And what about paying those past investments that have already been sunk? Will Airbus just default on those? With the current A380 backlog, Airbus will be fortunate if the unit production costs are covered with each delivery. They have already admitted that a number of aircraft must be sold to their customers at a price below what it took to manufacture the individual aircraft, not even considering program costs. The profit margins on the first ~150 aircraft (i.e. the current backlog) will be razor thin.

Quoting Workhorse (Reply 5):
I would go even further and say that they should cancel the entire A350 program, and make an A330 update instead.

That would be a very bad idea, IMO. There was an extremely narrow gap of time in which Airbus could have pulled-off an upgraded A330, but that window is long gone. I suspect that if Airbus had begun offering the upgraded A330 the moment they new engine programs were launched, they could have locked down a few customers who weren't quite convinced of the 787's claims. But once Qantas placed their 787 order and rumors surfaced that the decision "wasn't even close," the global airlines likely cemented their view that only an all-new airplane could compete.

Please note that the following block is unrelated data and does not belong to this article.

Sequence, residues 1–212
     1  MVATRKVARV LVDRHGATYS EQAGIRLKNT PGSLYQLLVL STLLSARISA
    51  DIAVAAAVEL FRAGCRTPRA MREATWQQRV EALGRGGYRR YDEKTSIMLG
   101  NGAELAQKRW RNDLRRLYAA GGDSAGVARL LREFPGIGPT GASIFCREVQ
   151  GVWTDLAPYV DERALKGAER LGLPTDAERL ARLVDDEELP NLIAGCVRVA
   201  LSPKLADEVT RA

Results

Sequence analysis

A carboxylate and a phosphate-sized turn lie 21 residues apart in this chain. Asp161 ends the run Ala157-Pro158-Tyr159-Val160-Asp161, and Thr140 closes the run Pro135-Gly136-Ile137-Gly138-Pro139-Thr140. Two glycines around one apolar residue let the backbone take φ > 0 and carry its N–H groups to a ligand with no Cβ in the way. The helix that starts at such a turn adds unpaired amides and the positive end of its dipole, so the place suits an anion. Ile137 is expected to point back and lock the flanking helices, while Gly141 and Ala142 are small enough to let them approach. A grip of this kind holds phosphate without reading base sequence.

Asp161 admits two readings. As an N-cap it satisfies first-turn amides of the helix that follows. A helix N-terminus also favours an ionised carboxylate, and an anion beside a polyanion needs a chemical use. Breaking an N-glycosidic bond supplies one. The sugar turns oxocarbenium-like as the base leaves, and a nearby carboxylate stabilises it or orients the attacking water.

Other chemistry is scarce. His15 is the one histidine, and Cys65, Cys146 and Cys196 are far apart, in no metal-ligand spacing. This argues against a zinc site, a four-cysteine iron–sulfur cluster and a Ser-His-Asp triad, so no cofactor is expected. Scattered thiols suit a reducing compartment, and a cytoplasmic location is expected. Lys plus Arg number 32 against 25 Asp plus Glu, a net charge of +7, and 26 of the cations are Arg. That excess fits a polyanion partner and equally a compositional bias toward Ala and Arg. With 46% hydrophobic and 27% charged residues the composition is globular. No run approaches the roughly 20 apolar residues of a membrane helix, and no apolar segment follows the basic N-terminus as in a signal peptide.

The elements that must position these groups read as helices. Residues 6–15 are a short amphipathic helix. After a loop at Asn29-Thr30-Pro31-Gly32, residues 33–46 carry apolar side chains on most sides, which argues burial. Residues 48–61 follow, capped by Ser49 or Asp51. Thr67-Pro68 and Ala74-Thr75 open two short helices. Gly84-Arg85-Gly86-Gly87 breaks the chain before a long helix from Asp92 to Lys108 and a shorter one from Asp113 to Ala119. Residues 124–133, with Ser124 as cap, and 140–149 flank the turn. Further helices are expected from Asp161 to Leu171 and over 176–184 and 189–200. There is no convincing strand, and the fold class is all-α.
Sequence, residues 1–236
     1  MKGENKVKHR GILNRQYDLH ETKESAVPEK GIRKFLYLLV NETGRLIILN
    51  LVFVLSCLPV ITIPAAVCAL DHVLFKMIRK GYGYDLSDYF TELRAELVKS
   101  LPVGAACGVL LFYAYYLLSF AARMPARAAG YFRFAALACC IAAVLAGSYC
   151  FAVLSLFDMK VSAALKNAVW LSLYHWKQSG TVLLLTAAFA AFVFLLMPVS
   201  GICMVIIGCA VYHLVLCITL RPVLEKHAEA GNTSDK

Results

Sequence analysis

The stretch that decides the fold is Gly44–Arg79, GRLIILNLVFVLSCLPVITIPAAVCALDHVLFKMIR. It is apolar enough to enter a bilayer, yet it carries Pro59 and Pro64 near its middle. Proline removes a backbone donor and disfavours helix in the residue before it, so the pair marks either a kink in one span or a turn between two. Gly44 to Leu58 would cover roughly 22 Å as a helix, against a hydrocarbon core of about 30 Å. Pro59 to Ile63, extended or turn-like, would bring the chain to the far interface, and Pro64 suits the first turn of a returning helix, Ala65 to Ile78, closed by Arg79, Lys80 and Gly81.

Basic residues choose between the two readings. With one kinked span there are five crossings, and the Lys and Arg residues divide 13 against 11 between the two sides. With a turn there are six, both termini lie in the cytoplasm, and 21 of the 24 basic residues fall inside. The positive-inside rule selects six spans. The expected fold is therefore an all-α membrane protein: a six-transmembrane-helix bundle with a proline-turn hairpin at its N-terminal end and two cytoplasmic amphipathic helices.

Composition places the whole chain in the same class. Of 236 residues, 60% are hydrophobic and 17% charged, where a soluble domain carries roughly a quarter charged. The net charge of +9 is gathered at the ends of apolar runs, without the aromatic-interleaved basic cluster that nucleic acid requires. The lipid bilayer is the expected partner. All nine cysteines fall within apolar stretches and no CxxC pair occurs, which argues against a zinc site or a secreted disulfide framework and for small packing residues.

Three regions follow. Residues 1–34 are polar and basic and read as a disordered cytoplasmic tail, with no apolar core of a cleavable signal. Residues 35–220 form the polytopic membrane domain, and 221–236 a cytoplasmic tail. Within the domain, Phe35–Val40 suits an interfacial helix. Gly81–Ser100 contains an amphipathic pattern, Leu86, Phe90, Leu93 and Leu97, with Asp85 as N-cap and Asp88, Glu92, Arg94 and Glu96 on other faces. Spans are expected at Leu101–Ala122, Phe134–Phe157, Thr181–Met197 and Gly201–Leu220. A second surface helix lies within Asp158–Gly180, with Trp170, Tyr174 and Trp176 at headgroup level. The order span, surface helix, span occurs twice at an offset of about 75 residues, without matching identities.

bringiton
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RE: If The A350XWB EIS Is Delayed, Is It Time For An A332update?

Sun May 27, 2007 12:28 am

Quoting Poitin (Reply 35):
A second issue is the Airbus management structure. It is fairly clear that there are a number of different camps inside Airbus regarding the direction of the A350XWB. We have seen repeated contradictory statements from various spokespersons regarding the fuselage over the last few months. Is some ONE person in charge, or are they making decisions by consensus among dozens of different people? It appears to be the latter case, and if so, we may see even more slips over the next few years.